Gibbet hill stands at 272 metres (895 ft) above sea level. It commands a panoramic view, especially to north and east. The view to the north overlooks the Devil's Punchbowl, Thursley, Hankley Common, Crooksbury Hill, and the Hog's Back towards Godalming and Guildford. To the east lies the Sussex Weald. To the south, the hills of Haslemere and Blackdown can be seen, with some sections of the South Downs.
Weydown common lies to the south of Gibbet Hill. A white horse was once engraved into the hillside, though now the engraving is covered with heath.
At the peak of Gibbet Hill stands a Celtic cross that was erected there in the 19th century. It is said that the cross was placed there to protect the area from evil spirits. The area was one of disrepute due to highwaymen and robbers who were hanged there on a gibbet as punishment for their crimes.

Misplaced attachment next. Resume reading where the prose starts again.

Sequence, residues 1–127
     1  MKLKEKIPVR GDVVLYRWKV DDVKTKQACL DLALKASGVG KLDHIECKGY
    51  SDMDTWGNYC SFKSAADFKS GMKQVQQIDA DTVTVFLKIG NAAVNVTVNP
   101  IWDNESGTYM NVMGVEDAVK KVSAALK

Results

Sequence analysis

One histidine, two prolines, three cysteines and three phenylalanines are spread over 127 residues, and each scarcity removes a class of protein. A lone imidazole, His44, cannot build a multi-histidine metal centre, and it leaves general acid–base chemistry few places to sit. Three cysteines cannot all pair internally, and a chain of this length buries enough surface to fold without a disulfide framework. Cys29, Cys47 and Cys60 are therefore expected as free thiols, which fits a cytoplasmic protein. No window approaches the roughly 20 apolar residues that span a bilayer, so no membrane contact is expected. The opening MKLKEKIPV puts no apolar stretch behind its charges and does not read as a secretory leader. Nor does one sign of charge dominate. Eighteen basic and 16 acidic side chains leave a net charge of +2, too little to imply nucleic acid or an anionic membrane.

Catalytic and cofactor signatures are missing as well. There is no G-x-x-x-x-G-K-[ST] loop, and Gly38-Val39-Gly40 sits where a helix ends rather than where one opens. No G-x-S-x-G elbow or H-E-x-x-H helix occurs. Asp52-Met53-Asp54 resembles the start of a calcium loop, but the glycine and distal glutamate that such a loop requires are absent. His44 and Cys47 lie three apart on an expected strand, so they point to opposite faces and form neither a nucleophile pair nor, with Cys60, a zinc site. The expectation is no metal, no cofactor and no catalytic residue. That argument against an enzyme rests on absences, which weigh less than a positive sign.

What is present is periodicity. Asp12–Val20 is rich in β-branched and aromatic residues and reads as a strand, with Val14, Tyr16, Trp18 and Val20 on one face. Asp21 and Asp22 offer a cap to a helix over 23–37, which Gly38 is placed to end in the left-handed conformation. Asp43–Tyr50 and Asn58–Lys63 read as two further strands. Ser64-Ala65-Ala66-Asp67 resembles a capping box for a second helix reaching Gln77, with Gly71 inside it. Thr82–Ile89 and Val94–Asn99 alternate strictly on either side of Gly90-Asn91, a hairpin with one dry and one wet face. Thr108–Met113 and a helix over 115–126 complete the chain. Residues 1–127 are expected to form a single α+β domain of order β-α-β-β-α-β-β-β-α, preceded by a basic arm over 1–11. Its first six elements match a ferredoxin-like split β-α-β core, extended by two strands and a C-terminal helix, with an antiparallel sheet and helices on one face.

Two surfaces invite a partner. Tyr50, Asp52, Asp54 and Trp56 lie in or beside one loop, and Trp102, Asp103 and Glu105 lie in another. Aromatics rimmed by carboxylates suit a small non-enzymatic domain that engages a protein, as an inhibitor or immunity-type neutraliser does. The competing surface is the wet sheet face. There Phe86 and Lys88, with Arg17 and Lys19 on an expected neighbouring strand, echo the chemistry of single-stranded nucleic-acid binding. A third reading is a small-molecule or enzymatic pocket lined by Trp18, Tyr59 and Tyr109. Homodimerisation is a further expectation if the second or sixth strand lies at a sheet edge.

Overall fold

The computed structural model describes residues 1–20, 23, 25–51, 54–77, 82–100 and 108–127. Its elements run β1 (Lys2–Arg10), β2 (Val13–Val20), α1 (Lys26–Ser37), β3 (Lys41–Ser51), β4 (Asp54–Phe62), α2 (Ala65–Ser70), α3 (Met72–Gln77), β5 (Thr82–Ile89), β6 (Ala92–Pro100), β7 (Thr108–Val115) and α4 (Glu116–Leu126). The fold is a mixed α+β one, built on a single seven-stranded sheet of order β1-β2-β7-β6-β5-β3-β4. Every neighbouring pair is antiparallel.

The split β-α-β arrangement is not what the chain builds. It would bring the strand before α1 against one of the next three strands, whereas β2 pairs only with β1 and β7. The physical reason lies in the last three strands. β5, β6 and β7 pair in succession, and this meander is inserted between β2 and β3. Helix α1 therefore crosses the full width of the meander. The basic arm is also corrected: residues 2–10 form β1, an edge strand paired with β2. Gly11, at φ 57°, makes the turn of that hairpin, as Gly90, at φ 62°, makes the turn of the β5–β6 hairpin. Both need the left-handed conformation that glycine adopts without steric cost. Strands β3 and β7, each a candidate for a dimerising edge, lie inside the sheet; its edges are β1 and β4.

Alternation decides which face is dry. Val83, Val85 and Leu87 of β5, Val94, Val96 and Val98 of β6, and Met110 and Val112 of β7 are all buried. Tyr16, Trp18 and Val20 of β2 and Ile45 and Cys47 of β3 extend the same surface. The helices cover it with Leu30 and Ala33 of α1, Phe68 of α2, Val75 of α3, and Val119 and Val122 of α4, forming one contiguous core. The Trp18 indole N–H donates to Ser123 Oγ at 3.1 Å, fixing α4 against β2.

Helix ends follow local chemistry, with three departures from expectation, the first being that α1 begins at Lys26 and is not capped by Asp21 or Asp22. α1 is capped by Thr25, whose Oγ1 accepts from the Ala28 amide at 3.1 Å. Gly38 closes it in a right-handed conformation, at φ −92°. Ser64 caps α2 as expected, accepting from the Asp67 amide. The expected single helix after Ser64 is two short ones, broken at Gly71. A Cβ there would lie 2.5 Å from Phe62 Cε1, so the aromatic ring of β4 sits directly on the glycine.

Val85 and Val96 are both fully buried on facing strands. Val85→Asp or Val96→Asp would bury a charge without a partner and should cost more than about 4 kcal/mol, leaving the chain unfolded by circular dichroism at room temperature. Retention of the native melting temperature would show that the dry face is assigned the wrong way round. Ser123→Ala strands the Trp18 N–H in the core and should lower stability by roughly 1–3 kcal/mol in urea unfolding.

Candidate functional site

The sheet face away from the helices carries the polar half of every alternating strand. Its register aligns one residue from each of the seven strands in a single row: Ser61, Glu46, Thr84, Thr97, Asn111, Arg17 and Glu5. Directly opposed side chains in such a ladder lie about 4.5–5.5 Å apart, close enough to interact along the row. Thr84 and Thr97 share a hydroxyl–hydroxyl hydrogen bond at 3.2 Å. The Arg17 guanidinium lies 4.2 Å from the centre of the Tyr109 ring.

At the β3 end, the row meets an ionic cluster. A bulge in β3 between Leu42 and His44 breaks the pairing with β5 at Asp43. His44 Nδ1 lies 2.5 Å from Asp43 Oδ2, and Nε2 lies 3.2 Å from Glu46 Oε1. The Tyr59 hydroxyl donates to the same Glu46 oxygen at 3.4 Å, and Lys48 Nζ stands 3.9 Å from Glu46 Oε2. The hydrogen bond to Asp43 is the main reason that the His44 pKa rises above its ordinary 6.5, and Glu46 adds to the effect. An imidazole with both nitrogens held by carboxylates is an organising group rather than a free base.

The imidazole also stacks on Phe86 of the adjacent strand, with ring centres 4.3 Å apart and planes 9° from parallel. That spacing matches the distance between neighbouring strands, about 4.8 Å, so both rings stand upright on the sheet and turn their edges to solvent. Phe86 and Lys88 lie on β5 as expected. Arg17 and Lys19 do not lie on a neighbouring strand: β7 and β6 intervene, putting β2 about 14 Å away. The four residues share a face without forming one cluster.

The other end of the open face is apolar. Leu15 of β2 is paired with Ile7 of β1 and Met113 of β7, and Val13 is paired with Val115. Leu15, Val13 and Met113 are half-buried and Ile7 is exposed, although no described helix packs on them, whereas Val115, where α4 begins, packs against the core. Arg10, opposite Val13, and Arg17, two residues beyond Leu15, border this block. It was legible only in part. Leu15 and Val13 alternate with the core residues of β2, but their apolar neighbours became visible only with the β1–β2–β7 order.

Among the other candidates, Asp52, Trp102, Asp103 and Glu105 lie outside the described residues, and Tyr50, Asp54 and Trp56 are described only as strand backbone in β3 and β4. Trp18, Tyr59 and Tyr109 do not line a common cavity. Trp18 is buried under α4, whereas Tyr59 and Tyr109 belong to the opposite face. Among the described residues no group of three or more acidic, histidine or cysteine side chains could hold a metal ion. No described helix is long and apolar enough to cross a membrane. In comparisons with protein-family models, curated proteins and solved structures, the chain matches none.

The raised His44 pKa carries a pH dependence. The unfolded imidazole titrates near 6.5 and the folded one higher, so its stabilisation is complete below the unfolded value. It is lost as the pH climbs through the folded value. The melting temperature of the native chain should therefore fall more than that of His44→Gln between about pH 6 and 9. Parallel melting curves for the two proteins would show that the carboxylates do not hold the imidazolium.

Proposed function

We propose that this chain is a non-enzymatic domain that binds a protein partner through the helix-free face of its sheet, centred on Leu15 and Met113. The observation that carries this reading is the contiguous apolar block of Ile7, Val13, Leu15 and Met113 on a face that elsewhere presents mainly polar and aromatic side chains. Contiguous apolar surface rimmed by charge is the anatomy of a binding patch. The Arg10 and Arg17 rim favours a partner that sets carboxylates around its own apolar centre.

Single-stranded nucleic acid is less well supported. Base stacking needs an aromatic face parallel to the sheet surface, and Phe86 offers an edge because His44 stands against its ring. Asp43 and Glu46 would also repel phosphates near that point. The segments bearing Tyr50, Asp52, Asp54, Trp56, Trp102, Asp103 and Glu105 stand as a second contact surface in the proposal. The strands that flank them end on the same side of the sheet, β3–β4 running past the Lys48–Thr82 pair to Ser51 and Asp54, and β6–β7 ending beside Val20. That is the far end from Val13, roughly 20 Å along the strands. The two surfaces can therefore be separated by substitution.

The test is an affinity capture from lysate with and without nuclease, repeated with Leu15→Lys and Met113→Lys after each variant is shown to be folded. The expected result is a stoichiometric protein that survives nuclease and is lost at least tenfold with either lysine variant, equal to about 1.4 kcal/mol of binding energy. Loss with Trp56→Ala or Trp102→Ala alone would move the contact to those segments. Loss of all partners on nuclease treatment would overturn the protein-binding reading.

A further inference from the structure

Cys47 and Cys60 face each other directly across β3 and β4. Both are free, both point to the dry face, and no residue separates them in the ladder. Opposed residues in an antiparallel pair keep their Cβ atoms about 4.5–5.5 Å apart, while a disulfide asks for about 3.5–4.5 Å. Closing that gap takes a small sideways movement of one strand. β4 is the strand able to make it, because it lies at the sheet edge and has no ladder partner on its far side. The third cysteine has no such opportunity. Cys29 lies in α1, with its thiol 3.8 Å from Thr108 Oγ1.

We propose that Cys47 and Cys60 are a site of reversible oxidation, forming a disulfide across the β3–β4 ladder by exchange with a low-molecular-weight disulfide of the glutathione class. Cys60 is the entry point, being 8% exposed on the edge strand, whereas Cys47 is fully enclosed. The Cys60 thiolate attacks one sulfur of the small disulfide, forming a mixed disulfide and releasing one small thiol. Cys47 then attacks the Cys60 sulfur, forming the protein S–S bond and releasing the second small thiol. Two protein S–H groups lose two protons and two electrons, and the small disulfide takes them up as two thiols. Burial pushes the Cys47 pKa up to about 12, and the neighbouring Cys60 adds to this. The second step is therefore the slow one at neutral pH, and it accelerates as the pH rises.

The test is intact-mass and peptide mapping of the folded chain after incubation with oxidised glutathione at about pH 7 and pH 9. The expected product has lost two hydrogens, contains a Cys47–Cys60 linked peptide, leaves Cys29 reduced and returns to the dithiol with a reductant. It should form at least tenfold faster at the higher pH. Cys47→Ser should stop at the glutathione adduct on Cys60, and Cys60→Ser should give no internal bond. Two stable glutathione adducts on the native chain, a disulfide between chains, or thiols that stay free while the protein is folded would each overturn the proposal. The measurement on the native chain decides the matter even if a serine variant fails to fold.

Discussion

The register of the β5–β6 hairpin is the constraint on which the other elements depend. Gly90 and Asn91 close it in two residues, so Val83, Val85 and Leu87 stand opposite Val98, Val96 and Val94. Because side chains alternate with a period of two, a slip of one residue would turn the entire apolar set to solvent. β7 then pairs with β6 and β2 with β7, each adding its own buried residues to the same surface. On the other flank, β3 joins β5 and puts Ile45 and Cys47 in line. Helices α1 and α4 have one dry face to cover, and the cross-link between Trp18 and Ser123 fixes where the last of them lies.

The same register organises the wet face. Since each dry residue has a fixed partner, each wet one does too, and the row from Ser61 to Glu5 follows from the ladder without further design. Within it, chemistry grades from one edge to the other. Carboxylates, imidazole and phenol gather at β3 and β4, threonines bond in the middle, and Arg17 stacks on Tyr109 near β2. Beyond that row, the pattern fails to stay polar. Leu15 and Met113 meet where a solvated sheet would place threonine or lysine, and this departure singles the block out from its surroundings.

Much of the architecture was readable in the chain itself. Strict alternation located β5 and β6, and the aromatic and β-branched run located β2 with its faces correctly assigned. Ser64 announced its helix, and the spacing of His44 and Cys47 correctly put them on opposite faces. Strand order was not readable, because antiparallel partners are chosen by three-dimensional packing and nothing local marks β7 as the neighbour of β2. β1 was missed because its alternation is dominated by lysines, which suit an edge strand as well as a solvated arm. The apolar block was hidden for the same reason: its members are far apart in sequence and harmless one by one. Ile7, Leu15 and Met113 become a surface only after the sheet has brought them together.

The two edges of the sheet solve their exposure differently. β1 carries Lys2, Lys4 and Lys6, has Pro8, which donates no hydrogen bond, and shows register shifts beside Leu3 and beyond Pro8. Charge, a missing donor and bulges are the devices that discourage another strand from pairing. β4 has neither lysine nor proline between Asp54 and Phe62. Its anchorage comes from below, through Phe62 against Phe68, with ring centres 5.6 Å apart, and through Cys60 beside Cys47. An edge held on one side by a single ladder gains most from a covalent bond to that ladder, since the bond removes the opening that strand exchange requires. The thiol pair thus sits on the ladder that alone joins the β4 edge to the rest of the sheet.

The general area is one of heathland and gorse, and was originally an area of the broomsquire, who would harvest the heather, broom, and birch branches to make brooms. As such it was often thought to be a pagan or heathen area.
Gibbet hill and the area was mentioned by Dickens in Nickolas Nickleby, in the scene where Nickleby was walking from London to Portsmouth.